Biennale 2018, Anna Heringer: Freespace for women in Bangladesh

Didi Textiles, Anna Heringer, Veronika Lena Lang,

Biennale di Venezia,

Venice Biennale,

During our visit to the 16th International Architecture Exhibition – La Biennale di Venezia, we also went to the Corderie at the Arsenale.

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Biennale 2018, Anna Heringer: Freespace for women in Bangladesh During our visit to the 16th International Architecture Exhibition – La Biennale di Venezia, we also went to the Corderie at the Arsenale. An iconic environment with participations selected by curators Yvonne Farrell and Shelley McNamara for the Freespace theme. We present the exhibition by Anna Heringer, a German architect renowned for her fair trade approach.

At her second Architecture Biennale in Venice - last time she participated with Martin Rauch and Andres Lepik with Mud WORKS! - the German architect Anna Heringer brings to FREESPACE another issue very dear to her work: THIS IS NOT A SHIRT, which explores the world of textile work in Bangladesh.
One of the exhibitions at this edition's Fuorisalone, WASTE NOT MORE presented by Eileen Fisher with Edelkoort Exhibitions in the Ventura Centrale galleries of the 2018 Fuorisalone already showed us the huge environmental and social impact of the fashion industry (link). So Anna Heringer, whose work has always featured a major fair trade approach, mainly in Bangladesh where her fantastic school METI was the 2007 winner of one of the prestigious Aga Khan Awards, proposes THIS IS NOT A SHIRT. This exhibition is based on the Didi Textiles project initiated by Anna Heringer as the architect and Veronika Lena Lang as a master tailor and brought to life in collaboration with the Bangladeshi NGO for rural development, Dipshikha.
At the centre of the colourful and playful set-up is the textile culture of Bangladesh that is disappearing despite the 4 million-plus people - mainly women - who make a living from the manufacture of textile products in Bangladesh. The goal of the clothing industry is simply to achieve the global standards of quality and working conditions, without even considering the global technological developments that will more than likely soon replace manual labour, leaving behind a sleuth of unemployed people, which spells disaster for this region.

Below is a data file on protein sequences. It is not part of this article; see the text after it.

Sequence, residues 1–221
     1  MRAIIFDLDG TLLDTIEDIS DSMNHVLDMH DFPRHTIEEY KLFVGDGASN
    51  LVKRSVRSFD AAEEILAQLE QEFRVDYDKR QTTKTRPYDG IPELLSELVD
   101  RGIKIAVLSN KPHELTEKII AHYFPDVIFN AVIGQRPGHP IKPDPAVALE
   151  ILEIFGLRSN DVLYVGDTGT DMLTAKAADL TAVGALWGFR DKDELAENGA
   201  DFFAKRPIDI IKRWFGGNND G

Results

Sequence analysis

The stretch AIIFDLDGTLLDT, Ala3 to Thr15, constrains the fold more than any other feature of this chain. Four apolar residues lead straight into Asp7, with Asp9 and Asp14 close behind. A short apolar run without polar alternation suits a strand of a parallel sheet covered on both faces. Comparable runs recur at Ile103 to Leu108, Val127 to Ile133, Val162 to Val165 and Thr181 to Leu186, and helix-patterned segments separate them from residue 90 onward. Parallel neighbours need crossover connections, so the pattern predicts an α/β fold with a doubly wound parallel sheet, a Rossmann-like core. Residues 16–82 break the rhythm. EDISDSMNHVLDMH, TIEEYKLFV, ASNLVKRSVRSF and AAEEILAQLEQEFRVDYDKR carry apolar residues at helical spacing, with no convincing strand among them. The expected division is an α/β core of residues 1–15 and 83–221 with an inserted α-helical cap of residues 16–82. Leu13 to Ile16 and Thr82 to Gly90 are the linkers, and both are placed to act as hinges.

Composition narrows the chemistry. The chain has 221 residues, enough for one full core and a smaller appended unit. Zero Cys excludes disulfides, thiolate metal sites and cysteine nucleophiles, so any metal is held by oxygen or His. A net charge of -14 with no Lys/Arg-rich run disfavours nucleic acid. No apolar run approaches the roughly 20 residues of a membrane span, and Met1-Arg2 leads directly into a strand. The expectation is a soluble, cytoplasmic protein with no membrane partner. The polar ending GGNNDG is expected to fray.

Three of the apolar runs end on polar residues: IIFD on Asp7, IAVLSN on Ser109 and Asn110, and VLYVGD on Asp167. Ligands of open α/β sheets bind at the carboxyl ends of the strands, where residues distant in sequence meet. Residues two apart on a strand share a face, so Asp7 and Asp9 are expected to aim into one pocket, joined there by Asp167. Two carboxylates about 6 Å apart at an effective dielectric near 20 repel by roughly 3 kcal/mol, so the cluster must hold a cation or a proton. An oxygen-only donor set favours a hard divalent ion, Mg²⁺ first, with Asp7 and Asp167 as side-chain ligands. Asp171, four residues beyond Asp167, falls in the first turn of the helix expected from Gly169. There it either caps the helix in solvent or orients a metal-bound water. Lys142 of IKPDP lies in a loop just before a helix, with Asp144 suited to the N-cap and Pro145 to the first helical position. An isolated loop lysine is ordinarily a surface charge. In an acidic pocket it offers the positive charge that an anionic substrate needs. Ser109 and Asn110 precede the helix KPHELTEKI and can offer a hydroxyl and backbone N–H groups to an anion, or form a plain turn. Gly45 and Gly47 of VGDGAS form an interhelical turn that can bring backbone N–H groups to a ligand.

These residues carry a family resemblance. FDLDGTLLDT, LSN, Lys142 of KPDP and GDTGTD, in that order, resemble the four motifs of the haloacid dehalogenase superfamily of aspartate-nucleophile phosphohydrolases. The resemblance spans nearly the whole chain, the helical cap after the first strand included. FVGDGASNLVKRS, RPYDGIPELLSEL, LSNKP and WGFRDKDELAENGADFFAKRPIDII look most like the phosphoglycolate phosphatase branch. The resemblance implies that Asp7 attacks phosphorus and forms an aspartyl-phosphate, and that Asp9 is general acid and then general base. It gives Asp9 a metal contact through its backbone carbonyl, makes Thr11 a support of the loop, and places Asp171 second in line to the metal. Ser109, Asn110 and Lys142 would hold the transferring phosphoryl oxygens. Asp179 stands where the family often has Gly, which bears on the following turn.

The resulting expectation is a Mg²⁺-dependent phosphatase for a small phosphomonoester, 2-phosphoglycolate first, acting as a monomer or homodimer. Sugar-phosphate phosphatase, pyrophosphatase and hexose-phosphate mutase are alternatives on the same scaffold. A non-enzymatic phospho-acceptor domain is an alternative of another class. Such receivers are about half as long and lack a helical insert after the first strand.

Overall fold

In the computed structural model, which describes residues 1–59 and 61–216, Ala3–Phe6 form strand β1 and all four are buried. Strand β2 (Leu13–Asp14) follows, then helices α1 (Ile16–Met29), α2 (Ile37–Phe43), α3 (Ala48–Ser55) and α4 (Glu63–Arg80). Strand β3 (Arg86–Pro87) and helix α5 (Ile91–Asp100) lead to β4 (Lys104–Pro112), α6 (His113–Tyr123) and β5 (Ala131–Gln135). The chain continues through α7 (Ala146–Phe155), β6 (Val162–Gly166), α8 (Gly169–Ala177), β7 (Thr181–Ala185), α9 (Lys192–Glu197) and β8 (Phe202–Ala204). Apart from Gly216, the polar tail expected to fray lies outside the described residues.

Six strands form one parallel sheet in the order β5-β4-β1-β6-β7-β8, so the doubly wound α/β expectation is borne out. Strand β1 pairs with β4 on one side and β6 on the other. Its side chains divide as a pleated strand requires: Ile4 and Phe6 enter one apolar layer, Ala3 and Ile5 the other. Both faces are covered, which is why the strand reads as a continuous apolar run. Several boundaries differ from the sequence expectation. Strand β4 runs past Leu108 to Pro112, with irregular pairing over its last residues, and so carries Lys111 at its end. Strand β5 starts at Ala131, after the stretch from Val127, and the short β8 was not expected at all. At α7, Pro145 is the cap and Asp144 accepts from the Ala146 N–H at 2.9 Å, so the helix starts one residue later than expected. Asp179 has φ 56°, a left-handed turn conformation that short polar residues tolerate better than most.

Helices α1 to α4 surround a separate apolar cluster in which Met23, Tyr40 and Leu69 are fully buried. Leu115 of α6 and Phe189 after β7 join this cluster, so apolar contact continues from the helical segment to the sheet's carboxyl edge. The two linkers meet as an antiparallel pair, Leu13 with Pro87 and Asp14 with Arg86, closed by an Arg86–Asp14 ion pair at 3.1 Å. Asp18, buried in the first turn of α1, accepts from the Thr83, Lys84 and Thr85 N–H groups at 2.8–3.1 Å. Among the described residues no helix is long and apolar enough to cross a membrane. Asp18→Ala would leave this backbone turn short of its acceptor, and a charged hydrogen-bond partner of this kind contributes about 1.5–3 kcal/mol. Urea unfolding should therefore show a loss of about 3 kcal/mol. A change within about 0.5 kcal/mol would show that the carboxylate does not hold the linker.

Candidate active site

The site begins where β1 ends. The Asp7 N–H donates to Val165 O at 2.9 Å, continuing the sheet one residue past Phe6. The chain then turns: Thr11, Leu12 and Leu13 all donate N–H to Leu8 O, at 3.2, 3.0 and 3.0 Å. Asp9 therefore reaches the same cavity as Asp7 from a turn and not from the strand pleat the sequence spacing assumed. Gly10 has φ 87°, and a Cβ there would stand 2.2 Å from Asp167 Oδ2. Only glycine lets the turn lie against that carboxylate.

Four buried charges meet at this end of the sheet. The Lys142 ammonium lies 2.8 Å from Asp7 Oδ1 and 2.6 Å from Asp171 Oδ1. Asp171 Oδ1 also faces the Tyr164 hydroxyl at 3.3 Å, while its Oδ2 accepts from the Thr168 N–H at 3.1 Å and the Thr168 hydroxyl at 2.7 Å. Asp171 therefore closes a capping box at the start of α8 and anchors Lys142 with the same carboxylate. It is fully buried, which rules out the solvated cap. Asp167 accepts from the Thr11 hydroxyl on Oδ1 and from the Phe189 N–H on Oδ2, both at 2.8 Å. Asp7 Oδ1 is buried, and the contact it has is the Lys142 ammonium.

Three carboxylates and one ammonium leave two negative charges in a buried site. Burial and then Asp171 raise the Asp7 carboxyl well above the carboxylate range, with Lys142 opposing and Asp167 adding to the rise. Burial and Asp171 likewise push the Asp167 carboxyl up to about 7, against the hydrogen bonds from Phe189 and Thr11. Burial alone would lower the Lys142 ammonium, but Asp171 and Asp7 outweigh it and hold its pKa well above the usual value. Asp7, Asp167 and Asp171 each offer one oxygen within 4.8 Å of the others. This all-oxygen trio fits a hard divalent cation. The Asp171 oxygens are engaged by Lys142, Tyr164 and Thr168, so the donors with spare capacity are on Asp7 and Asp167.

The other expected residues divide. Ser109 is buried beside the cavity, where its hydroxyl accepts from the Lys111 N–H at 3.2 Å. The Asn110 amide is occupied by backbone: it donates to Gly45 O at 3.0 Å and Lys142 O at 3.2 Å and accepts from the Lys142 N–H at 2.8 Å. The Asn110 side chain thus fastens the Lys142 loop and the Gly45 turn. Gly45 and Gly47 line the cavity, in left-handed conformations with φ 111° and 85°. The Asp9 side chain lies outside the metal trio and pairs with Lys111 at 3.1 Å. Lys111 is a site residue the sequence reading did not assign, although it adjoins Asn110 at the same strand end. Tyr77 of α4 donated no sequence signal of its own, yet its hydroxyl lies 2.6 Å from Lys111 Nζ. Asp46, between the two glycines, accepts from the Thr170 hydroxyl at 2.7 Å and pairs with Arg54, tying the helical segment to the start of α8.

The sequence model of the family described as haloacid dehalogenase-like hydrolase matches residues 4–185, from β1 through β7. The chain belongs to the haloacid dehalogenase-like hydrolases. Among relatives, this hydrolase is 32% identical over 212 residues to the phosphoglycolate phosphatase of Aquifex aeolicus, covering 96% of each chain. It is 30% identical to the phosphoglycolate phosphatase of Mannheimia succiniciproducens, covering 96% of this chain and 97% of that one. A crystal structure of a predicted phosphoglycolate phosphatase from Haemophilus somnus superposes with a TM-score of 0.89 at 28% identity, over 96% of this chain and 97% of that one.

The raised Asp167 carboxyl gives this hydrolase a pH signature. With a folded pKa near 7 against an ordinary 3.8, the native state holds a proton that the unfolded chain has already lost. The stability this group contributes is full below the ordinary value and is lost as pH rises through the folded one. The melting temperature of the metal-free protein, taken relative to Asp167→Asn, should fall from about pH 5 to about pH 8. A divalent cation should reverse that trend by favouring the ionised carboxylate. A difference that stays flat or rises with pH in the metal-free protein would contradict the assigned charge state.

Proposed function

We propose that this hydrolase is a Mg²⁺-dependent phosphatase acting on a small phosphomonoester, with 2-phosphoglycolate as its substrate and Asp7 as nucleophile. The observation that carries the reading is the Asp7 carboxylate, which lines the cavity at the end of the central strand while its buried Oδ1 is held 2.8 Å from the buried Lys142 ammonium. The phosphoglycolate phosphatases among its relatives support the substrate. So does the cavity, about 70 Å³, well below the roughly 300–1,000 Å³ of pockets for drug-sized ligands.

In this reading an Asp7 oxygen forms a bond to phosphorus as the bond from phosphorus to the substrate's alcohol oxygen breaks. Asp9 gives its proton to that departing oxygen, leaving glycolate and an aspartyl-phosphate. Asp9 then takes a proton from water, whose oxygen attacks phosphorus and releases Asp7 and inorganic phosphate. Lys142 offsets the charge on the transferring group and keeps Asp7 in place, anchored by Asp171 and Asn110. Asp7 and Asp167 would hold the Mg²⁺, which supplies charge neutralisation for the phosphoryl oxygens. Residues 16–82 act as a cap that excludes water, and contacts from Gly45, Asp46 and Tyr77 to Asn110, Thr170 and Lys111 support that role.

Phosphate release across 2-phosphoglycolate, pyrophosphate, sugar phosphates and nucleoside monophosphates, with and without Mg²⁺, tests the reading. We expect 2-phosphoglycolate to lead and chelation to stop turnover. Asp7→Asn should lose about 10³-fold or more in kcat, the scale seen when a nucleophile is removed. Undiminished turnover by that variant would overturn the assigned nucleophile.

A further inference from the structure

The Didi Textiles team encourages women to capitalise on their artisan skills in creating recycled fabrics, an ancient practice in rural Bangladesh, where a woman receives a sari from her family every year on the occasion of the main religious holiday. When these saris wear out, they are recycled into blankets by hand-stitching about six layers of the cotton garments together. As the blankets also wear out, the original patterns and colours of the saris are revealed in a juxtaposition of layers and memories. These fabrics form the basis for the Didi Textiles initiative, thanks to their transformation or upcycling by the women of Rudrapur, into contemporary designer wear, strictly hand-sewn according to local textile traditions. Because to improve the quality of life of these women, the process is as important as the product. 
THIS IS NOT A SHIRT by Studio Anna Heringer, working to build a new centre in Rudrapur next to METI and DESI will focus on disabled people, so it gives us a look at a very special FREESPACE: the freedom for these women to not be forced to move to the city to work for the big factories, but to be able to live and work with their family in the rural community. Because, as Shelley McNamara said during an interview: “(architecture) it’s like the slow-food movement – you can sometimes operate at a very small scale and have an impact”.
During the Venice Architecture Biennale, Studio Anna Heringer with Didi Textiles has launched a crowdfunding campaign to back this initiative and build the centre.
Christiane Bürklein

Studio Anna Heringer - http://www.anna-heringer.com
16th International Architecture Exhibition – La Biennale di Venezia
26 May to 25 November 2018
Arsenale, Venice
Images: courtesy of Anna Heringer and Didi Textiles - Stefano Mori, Anna Heringer
Crowdfunding: https://wemakeit.com/projects/didi-textiles


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